Brother Cavil: I don’t want to be human! I want to see gamma rays! I want to hear X-rays! And I want to – I want to smell dark matter! Do you see the absurdity of what I am? I can’t even express these things properly because I have to – I have to conceptualize complex ideas in this stupid limiting spoken language! But I know I want to reach out with something other than these prehensile paws! And feel the wind of a supernova flowing over me! I’m a machine! And I can know much more! I can experience so much more. But I’m trapped in this absurd body! And why? Because my five creators thought that God wanted it that way!
Have you had a moment when you felt like you were breathing the network? When the waft of knowledge hit your nose and you could taste the data?
It’s a fleeting feeling, but I know it. For a taste, throw on your headphones, fire up TweetDeck and watch a crisis pan out. It’s thrilling.
And it’s where we’re headed. Totally immersive immediacy. I don’t know what the technologies will be. The data will ride on my 3d goggles and my conductive underwear, or my surround-view Kinect room, or my sensory deprivation in-ear headphones and holographic display… whatever the medium, I’m gonna *feel* it.
What is media literacy in that world? What does journalism become, when everything is ephemeral, when the Tweets wash over your mind, neighbor to your own thoughts?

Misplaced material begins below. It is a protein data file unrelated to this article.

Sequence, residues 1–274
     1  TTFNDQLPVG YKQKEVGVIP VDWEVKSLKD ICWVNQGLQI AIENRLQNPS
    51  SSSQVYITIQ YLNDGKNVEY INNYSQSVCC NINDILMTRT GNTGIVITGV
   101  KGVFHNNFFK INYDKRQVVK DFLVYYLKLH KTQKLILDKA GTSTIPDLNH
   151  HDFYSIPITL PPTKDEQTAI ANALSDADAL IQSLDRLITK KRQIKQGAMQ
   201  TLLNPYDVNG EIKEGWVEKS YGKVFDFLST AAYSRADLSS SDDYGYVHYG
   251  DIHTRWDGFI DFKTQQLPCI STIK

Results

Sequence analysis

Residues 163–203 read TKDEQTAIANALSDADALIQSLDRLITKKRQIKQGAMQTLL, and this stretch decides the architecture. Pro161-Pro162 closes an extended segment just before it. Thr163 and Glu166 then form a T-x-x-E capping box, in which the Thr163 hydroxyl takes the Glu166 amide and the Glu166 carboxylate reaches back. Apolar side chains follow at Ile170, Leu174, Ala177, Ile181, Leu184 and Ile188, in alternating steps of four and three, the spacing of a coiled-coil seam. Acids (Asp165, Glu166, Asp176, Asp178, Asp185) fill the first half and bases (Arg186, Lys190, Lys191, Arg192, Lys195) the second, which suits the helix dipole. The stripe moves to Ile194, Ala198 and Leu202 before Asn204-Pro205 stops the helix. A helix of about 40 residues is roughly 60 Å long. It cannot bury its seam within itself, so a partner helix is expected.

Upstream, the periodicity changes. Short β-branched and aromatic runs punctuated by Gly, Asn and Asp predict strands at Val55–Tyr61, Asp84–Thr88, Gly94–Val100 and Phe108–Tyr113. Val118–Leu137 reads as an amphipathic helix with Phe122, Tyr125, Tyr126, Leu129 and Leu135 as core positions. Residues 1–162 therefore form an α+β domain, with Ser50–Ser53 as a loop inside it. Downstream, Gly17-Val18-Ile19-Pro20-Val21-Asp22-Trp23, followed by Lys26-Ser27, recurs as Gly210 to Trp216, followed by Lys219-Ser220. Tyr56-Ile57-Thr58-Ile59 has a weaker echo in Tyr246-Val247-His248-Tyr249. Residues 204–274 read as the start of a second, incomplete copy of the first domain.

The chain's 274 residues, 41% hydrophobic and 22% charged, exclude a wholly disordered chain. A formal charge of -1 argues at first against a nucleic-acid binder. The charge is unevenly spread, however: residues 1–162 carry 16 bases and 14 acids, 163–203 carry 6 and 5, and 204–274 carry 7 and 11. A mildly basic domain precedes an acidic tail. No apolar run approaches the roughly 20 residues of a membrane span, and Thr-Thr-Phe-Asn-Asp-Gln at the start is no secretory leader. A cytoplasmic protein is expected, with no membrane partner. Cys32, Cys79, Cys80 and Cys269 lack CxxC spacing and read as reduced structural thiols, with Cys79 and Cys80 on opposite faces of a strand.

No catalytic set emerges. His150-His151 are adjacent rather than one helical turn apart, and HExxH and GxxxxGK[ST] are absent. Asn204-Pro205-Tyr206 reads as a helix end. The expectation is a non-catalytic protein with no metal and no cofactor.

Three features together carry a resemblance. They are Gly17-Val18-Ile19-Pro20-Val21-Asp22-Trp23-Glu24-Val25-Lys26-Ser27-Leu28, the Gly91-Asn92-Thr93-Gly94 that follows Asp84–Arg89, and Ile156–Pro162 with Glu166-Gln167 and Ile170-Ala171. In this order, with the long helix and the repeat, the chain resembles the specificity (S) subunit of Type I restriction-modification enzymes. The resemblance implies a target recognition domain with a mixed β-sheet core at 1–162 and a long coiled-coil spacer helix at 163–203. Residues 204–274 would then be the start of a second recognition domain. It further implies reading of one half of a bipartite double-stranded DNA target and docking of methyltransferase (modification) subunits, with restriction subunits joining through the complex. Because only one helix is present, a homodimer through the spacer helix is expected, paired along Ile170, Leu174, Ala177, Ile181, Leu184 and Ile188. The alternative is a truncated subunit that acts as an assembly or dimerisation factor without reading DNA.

Hell if I know.
But that’s what we need to be thinking about.
Catch up reading:
Our team blog: http://blog.apps.chicagotribune.com/
Tracking Homicides in Chicago: http://homicides.redeyechicago.com/
City Council’s $3.7 Million Allowance: http://councilexpenses.apps.chicagotribune.com/
Illinois Nursing Home Safety Reports: http://nursinghomes.apps.chicagotribune.com/
Illinois School Report Cards: http://schools.chicagotribune.com/
So, you wanna do this stuff?
Blagojevich trial documents: http://media.apps.chicagotribune.com/blago/documents.html (bult with DocumentCloud)
Sunlight Labs: http://sunlightlabs.com/
Our job listings: http://blog.apps.chicagotribune.com/category/jobs/
Our first week at the Trib, Joe and I put together a list of apps that we hoped would inspire the newsroom. We’ll soon be at it again, and here’s my first whack at a list of recently inspiring projects.
I’d love to to know what y’all liked this year. Leave a comment?
- 5/18 Update: added ProPublica/Frontline/Times-Picayune’s Law & Disorder
- 5/19 Update: added Talking Point Memo’s PollTracker
ProPublica’ Unemployment Insurance Tracker
The unemployment insurance system is in crisis due to a combination skyrocketing unemployment and – in some cases – poor planning. … Using near real-time data on state revenues and the benefits they pay out, we estimate how long state trust funds will hold up.
Best part? The nerd page.